Location: juneau alaska
November 16, 2011 10:07 am
This bug was found in juneau, Alaska yesterday. Never seen one arround here before let alone we dont see many bugs in the winter!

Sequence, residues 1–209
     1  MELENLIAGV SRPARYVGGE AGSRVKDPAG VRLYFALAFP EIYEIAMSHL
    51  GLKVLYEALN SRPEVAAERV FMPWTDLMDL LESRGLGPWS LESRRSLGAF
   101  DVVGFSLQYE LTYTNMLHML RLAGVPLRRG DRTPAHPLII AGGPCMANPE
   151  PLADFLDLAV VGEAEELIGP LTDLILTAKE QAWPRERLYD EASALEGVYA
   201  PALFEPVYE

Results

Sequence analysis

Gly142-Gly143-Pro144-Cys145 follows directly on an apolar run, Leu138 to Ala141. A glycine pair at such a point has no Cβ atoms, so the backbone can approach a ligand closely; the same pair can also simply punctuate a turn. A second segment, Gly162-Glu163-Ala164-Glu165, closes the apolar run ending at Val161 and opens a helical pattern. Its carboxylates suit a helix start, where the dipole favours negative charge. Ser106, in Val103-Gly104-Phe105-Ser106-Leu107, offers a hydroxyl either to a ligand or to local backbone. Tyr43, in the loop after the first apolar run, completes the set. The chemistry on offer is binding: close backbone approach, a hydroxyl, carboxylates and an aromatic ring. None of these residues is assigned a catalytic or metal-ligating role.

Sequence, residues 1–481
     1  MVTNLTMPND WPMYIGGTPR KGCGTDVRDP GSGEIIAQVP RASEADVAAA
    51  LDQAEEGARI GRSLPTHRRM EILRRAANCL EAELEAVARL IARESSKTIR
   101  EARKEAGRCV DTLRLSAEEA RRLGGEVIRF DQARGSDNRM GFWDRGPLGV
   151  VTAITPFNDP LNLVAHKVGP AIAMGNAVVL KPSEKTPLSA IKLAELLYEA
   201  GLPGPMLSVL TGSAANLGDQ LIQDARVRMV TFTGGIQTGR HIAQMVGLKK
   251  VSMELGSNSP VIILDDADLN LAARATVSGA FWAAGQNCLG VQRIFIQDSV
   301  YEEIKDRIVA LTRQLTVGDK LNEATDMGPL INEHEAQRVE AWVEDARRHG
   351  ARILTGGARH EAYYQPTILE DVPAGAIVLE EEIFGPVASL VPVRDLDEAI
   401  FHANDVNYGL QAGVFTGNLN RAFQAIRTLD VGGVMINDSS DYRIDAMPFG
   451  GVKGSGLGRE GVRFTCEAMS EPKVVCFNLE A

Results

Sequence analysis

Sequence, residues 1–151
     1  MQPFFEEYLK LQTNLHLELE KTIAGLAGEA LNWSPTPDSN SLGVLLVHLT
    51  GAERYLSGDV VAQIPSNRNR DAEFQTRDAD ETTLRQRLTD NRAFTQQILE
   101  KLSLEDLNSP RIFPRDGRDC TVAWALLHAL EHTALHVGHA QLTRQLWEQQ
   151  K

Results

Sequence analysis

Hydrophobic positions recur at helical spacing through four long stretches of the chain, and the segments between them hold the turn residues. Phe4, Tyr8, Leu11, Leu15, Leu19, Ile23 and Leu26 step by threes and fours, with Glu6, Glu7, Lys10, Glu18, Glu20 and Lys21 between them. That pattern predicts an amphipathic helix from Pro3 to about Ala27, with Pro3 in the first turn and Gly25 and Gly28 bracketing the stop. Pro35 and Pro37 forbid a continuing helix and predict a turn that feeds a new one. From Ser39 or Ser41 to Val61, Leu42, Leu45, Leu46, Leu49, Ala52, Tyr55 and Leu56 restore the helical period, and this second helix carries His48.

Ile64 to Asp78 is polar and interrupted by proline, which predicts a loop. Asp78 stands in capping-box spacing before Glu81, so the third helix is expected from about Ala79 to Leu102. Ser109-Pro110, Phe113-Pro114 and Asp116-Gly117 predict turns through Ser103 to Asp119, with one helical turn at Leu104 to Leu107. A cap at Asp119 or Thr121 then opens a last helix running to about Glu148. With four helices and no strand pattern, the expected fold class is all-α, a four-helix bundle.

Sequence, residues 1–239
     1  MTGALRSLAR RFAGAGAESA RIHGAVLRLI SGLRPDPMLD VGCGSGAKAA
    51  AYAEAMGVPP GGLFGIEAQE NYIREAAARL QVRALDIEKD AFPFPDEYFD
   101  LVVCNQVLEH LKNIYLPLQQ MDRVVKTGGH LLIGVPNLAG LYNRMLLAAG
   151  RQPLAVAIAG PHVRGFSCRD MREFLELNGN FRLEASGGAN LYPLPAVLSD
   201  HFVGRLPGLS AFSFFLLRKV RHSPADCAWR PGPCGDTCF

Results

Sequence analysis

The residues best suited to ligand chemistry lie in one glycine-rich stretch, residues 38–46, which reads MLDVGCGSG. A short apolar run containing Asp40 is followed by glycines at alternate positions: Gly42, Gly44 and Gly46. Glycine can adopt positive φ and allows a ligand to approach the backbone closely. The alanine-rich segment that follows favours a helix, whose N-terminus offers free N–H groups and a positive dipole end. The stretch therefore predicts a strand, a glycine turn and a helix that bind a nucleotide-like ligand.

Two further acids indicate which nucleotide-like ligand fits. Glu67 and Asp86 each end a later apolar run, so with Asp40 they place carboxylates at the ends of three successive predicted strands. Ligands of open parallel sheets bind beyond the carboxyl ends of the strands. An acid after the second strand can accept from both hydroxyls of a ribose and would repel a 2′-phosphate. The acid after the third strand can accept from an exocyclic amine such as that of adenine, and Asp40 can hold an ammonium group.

This is a Caddisfly in the order Trichoptera. Caddisflies are mothlike creatures that have aquatic larvae that build cases for themselves. According to BugGuide: “Most species live in a mobile case constructed from plant material, algae, grains of sand, pieces of snail shells, or entirely of silk. The case is held together with strands of silk secreted by the larva. In some species the case is attached to a rock, log, or other underwater surface; a few species have no case and are free-living. The case’s particular shape and construction material is distinctive of the family and/or genus, and can be used in identification. Example: Helicopyschidae larvae use sand grains to build spiral cases that resemble small snail shells.” The light markings on the wings of your individual seemed distinctive, so we made an attempt at a more specific identification. We believe your Caddisfly is in the genus Psychoglypha, and it looks similar to this image posted to BugGuide that contains the comment from Dave Ruiter: “The scalloped wing, color pattern and venation are characteristic of several, but not all of the species in this genus.” Somewhere as we were clicking around, we thought we read a name Snow Sedge, so we did a web search of that term and found the TroutNut website that attributes the name to the genus and provides this information: “These caddisflies may be important to the winter angler because they are one of the only insects around. Gary LaFontaine relays an interesting correspondence about this genus in Caddisflies: Dr. George Roemhild explained to me how he finds these winter caddisflies in February and March: ‘They crawl up on the snowbanks, but when the sun hits their dark wings they melt down out of sight. That’s how I collect them, by walking along looking for holes in the snow.'” To back check where we found the name Snow Sedge, we searched again, adding BugGuide as a keyword and found this posting on BugGuide. The presence of Caddisflies is an indication of clean, unpolluted water. Here is one final photo from the Natural History of Southeast Alaska website.